2008 Joint Meeting of The Geological Society of America, Soil Science Society of America, American Society of Agronomy, Crop Science Society of America, Gulf Coast Association of Geological Societies with the Gulf Coast Section of SEPM

Paper No. 13
Presentation Time: 4:30 PM

Provenance of the Upper Cretaceous-Paleogene Difunta Group in the foreland basin system of the Sierra Madre Oriental, Mexico, and its implication for sediment fairways in the Gulf of Mexico

BRADFORD, Ira, Integrated Reservoir Solutions, Core Labs, 6316 Windfern, Houston, TX 77040 and LAWTON, Timothy F., Geological Sciences, New Mexico State University, Las Cruces, NM 88003, ira.bradford@corelab.com

U-Pb ages of detrital zircons from the Difunta Group in the Parras and La Popa basins of the Sierra Madre Oriental foreland reveal a unique provenance signature that may prove useful in deciphering sediment-dispersal systems for Paleocene Wilcox sands in the deep Gulf of Mexico. Petrography and U-Pb age distributions in 12 samples from 6 sandstone units ranging in age from Maastichtian-middle Eocene in La Popa Basin (1,112 individual zircons) and correlative strata in the neighboring Parras Basin (200 zircons) indicate that sediment delivery to the basins changed little over 30 m.y. In combination with paleocurrent and paleogeographic information, the zircon age distributions indicate long-distance sediment delivery from the west and northwest. Proterozoic grain populations at 1.7, 1.4, and 1.1 Ga indicate that a main trunk river likely originated in the SW United States and flowed southeast parallel to the front of the Sierra Madre orogen. Jurassic, Cretaceous, and Paleocene zircons were delivered via east-flowing tributaries from arc terranes of western and NW Mexico that likely included the Jurassic Cordilleran arc, the Early Cretaceous Alisitos arc, and the Late Cretaceous-Paleogene Peninsular Ranges batholith of the Baja Peninsula. Although Late Cretaceous rivers had deltaic termini within the foreland basin, Paleogene sandstones continue eastward toward the Gulf of Mexico beyond the limit of outcrop.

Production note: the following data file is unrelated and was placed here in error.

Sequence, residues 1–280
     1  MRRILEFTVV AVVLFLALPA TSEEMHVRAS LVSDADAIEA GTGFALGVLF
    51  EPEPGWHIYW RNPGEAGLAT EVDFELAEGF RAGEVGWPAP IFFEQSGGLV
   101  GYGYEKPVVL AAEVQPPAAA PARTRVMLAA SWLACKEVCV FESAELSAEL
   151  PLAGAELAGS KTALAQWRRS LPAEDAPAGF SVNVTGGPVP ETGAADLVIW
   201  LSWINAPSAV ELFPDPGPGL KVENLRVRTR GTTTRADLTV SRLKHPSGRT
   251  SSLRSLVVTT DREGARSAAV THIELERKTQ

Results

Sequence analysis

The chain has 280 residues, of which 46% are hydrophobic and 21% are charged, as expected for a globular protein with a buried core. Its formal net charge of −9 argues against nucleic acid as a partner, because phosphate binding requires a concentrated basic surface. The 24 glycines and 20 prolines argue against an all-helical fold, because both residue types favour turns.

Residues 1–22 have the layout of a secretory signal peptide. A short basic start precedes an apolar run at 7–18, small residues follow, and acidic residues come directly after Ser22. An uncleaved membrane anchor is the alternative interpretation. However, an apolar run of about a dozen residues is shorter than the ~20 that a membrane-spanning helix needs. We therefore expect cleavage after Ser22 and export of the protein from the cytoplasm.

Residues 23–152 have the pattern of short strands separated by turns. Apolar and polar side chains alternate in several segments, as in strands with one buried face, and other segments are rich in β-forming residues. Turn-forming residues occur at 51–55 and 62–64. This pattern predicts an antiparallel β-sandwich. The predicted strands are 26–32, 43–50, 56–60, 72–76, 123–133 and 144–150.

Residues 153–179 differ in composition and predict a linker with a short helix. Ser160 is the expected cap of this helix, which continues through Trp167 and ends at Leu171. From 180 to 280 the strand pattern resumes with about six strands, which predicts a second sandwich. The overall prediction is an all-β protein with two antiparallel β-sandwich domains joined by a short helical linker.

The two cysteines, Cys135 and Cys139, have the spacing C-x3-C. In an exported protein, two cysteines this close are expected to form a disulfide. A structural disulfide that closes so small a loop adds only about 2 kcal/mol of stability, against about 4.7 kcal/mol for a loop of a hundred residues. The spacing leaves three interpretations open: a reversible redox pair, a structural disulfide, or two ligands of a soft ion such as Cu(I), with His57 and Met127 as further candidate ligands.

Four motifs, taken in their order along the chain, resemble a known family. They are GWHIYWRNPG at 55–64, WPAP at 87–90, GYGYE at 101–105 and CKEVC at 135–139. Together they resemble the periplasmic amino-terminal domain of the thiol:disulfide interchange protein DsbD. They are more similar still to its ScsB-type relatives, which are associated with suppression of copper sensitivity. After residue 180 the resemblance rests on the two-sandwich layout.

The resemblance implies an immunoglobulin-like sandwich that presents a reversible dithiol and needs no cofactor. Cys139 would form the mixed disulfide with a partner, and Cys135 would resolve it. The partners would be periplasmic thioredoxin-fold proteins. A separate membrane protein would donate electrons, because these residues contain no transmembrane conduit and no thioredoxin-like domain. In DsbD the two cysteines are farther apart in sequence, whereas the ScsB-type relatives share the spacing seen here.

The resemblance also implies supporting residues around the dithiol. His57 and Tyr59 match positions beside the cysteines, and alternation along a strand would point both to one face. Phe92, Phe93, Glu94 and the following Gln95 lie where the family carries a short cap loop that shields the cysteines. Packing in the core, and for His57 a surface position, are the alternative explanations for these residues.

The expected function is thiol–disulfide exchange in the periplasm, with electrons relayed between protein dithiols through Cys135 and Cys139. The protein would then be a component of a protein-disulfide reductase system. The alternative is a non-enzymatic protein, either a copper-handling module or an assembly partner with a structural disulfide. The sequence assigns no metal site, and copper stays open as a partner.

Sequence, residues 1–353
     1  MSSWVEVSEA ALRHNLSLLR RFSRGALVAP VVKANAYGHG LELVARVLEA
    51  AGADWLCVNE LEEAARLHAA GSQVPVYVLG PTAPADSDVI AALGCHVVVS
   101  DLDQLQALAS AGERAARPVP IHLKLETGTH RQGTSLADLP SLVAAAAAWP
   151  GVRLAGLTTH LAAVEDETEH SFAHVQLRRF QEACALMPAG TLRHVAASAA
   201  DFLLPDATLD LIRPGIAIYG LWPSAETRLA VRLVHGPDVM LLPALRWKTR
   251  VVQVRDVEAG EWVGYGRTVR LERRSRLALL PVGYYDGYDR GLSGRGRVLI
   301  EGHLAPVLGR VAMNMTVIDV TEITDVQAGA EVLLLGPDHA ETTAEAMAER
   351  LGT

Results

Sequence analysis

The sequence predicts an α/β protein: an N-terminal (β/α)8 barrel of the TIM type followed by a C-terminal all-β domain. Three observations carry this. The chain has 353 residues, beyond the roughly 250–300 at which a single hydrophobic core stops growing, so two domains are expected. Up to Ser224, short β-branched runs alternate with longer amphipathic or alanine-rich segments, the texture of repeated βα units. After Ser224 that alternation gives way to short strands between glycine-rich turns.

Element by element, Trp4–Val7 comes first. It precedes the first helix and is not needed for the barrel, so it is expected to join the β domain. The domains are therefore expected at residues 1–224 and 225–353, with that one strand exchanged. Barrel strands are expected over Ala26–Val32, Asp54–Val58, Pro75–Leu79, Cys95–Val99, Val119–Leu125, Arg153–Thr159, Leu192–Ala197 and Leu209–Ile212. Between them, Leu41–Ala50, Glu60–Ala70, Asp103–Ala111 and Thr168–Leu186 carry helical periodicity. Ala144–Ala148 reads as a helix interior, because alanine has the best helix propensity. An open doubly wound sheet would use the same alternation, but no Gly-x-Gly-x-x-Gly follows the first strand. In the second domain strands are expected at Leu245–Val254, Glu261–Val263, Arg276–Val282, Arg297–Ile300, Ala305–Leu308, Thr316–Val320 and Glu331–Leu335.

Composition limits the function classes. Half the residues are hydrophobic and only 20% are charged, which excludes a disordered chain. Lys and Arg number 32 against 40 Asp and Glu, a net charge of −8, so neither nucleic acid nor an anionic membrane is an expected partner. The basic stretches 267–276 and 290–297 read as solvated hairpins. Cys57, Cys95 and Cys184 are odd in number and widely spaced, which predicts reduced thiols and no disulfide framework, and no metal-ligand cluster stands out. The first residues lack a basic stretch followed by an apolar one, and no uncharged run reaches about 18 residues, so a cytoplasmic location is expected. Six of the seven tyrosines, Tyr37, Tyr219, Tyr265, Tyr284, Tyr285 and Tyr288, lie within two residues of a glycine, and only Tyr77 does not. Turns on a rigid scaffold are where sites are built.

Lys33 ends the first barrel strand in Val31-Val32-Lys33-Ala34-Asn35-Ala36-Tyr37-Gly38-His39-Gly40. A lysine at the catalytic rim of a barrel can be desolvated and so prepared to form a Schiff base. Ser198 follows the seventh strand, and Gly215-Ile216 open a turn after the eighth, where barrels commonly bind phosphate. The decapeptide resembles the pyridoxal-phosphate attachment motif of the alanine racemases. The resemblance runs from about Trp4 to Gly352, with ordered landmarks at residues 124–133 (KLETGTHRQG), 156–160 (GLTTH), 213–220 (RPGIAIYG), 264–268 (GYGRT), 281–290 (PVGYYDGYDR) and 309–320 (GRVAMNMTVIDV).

The deepwater Paleocene Wilcox Formation in the Gulf of Mexico is a major hydrocarbon play, but some controversy exists as to the source of Wilcox sands, which are difficult to track beneath allochthonous salt. Paleogeographic models predict that the zircon signature of the northeastern Mexico sandstones should be significantly different from those of other deltaic systems active along the Gulf of Mexico during the Paleocene. Thus, detrital-zircon characteristics of the deepwater Wilcox may help delineate the entry point of those sandstones into the deep Gulf.